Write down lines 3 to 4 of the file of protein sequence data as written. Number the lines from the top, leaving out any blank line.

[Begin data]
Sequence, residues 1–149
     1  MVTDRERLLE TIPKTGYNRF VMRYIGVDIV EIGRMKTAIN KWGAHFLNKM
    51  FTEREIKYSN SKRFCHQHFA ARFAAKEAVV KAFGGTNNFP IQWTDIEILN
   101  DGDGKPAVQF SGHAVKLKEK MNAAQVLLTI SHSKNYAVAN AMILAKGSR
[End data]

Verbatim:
    51  FTEREIKYSN SKRFCHQHFA ARFAAKEAVV KAFGGTNNFP IQWTDIEILN
   101  DGDGKPAVQF SGHAVKLKEK MNAAQVLLTI SHSKNYAVAN AMILAKGSR